This message was also loud and clear, if not tricky to wear, at Fendi, where Karl Lagerfeld opened the show with bootylicious bathing suits that would not look out of place in a bad hip-hop video. These were followed by his interpretations of the toga - a mini-trend in Milan - worn with second-skin suede jackets, leather, lots of hardware (chains, cut-metal jewellery) and so-kitsch-they're-cool platform shoes with Perspex soles.

Another trend to watch is zippers. They criss-crossed sexy, 1980s-inspired Perfecto jackets, mini-dresses and bondage trousers at Jil Sander, where designer Milan Vukmirovic showed his most distinctive collection since taking over design duties at the house. He also played with utilitarian, parachute-shaped separates with drawstrings and neon-bright colours - a utilitarian touch which also turned up on runways as diverse as Emporio Armani and Burberry, where designer Christopher Bailey proposed outsized checks, more miniskirts and a great, leather-trimmed blouson.

Of course, when it comes to looking sexy the old-fashioned way - in figure-flattering, colourful clothes with eye-catching patterns and prints - Italians really do do it better. Pucci, the Florentine fashion house that has been in designer limbo for decades, is getting back on track under the direction of mix-master Christian Lacroix. His debut collection featured the brand's iconic, kaleidoscope prints in sporty shapes such as tracksuits and hooded bathing costumes, as well as some chic, one-shouldered chiffon dresses. It also boasted the most talked-about shoes of the season: strappy, printed slingbacks that are guaranteed to appear in every glossy magazine come March.

Missoni also had its best collection in seasons, although all anyone could talk about after the show was model Gisele Bundchen's near spill and miraculous runway recovery when she lost her shoe mid-sashay. Also on the runway were culottes, bustier dresses, 'trenchcoat' tops and leggings in all manner of patterns, from sunbursts and stripes to fruits and flowers. Graeme Black, Giorgio Armani's former assistant and the new name at Ferragamo, also gets top marks for wearability. 'I want women to keep these pieces for six, 10 years,' he said backstage after a show. 'I don't believe in disposable fashion. It's all about richness and quality.' The season's keepers are fitted, leather jackets with three-quarter sleeves, timeless beaded tunics for evening and an updated Ferragamo wedge.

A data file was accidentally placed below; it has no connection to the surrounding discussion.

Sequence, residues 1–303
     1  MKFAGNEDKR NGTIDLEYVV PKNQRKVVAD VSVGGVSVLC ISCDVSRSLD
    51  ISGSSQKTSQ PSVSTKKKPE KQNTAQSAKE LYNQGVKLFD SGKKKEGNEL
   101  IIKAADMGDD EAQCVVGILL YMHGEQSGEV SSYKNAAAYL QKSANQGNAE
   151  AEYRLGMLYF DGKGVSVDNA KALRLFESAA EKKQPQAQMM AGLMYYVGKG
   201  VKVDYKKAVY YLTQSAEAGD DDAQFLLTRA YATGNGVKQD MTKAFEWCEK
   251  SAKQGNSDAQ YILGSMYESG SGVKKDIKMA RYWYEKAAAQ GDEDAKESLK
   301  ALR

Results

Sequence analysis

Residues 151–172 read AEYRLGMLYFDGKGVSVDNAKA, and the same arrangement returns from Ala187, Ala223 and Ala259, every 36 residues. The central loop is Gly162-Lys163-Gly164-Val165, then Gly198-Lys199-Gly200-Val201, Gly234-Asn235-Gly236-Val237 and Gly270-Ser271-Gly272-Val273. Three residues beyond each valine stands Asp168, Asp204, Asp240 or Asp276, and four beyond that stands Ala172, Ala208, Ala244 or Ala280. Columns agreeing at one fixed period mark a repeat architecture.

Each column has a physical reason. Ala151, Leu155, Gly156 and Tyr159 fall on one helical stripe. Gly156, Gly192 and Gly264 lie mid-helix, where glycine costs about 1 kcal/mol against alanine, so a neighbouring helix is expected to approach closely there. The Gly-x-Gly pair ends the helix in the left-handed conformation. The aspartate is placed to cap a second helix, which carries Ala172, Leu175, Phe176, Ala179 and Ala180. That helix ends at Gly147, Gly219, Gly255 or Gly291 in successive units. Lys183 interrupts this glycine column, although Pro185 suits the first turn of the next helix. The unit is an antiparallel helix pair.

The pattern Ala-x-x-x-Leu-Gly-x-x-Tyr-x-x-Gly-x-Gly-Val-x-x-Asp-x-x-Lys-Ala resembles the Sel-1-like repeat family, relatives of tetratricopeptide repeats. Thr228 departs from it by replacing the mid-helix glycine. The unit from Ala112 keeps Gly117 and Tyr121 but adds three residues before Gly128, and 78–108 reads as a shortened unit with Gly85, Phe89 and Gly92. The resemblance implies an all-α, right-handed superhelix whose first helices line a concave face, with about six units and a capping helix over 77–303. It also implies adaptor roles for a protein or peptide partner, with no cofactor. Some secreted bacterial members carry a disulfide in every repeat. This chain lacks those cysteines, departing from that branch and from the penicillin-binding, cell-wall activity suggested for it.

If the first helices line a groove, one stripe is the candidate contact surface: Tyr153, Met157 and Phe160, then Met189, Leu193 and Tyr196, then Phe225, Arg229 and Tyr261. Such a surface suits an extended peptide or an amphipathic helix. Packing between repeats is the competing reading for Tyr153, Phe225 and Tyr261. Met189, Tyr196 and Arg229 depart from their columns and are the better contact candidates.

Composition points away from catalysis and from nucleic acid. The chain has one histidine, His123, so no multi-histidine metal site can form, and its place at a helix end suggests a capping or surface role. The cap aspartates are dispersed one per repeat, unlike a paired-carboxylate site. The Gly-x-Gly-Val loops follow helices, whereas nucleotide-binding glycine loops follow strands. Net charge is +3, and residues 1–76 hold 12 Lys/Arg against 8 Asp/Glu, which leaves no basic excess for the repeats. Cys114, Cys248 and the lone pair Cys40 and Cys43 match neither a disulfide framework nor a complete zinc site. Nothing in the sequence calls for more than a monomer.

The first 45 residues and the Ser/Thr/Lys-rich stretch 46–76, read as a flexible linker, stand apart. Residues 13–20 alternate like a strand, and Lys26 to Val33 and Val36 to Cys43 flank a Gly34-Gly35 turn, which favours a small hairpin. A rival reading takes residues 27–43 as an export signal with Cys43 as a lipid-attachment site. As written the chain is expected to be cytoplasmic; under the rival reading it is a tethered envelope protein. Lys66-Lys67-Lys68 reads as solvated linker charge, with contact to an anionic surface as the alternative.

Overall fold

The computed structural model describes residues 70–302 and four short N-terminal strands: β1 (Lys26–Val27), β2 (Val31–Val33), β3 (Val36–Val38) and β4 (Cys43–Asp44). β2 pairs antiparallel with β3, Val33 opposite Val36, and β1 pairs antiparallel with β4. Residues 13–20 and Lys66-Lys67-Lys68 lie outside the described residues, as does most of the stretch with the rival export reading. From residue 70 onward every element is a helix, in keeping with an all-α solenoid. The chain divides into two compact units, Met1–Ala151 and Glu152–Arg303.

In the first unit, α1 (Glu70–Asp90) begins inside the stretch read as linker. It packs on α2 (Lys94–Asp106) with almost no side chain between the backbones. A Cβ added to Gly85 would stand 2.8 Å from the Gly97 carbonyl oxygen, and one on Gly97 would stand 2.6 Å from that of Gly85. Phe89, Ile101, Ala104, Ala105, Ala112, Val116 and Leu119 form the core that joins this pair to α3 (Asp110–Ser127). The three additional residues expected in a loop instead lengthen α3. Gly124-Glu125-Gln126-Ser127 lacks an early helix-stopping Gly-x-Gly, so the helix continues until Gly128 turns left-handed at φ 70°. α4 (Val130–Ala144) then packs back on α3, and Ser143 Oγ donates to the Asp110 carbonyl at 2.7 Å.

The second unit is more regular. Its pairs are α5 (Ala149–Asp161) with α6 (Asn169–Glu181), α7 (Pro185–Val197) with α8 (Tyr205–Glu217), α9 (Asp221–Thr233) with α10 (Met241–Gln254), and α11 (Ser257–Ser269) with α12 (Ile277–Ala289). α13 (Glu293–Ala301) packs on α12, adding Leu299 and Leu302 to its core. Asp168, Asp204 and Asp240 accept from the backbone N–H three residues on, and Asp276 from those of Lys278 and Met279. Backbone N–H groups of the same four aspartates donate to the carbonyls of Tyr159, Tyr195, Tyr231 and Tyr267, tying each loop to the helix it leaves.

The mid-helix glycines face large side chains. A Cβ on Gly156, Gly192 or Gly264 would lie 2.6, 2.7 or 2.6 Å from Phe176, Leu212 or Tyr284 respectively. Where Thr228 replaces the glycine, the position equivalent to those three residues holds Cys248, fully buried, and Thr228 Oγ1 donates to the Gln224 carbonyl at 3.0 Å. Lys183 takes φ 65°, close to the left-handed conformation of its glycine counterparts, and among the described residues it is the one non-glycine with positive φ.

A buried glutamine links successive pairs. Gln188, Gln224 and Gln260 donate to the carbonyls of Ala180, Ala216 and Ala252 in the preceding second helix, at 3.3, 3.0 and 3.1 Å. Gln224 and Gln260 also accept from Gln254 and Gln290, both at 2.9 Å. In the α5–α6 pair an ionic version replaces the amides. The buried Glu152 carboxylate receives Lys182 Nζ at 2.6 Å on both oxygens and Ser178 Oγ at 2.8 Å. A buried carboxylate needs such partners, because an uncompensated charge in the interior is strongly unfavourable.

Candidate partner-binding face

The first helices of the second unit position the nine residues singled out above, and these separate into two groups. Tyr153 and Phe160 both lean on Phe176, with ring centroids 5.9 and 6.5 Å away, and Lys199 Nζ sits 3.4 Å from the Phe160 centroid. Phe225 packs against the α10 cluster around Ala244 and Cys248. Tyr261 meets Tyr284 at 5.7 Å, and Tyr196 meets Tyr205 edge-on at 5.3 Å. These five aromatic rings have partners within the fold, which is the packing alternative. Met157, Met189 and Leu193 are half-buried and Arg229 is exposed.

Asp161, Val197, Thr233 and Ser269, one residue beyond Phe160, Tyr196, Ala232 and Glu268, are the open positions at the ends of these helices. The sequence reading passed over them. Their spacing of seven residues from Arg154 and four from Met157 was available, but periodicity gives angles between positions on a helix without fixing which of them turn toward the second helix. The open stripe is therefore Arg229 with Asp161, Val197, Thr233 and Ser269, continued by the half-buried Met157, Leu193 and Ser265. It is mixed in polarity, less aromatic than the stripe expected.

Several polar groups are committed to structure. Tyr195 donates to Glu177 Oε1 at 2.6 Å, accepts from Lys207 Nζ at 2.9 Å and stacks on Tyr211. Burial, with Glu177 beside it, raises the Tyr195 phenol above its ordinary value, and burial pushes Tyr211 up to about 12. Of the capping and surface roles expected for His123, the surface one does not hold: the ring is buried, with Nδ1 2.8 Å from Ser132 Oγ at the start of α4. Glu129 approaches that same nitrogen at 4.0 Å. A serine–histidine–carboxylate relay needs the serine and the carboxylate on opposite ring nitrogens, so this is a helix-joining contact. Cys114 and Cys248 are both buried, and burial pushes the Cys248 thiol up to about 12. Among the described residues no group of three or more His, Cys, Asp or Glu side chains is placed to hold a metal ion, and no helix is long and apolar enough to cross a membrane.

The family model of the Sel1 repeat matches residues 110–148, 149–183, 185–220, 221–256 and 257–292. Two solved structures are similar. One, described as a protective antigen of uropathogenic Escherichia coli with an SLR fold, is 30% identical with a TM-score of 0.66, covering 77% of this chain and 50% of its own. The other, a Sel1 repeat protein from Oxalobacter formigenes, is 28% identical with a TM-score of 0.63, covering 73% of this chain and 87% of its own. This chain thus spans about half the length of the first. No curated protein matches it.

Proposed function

Psychedelia was in the house at Versace's palazzo, where Britney Spears was front row and centre for the first joint fashion show of the Versus and Gianni Versace collections. Prints, patterns and colours collided at Versus, for a look Donatella Versace describes as 'lacquered Lolitas and naughty schoolgirls taking their first communion'. For those who don't quite follow, this translates into pleated micro-skirts, shrunken blazers and mini-jumpsuits worn over skimpy, lace bathing-suits with PVC pumps. Colour theory, form and optical effects were the basis of the Versace collection, which started out with more mini-dresses and short pantsuits, moved to skimpy swimwear and ended with lacy, lingerie-inspired evening dresses combined with chain-mail with varying degrees of success.

At the opposite end of the sartorial spectrum is Giorgio Armani, who, like Miuccia Prada, rejects the 'obvious' sexuality typical of many Italian designers. His is a more sensual approach, focusing on superbly cut summer suits, intelligent eveningwear and subtle, ethnic influences (think Himalayan jackets, Moorish leather work and flat, babouche slippers). Armani doesn't, however, have a problem with the front-row, celebrity formula: his marathon show, which started an hour late, was attended by Tina Turner, George Clooney, Kim Cattrall, Mira Sorvino, Sophia Loren, Olivier Martinez, Kristen Scott Thomas and Milla Jovovich (the latter three will appear in his spring/summer ad campaign). As always, it was a refreshing - if not particularly pulse-quickening - reality check to the who-would-ever-wear-that-and-why outfits seen on many other Milan runways.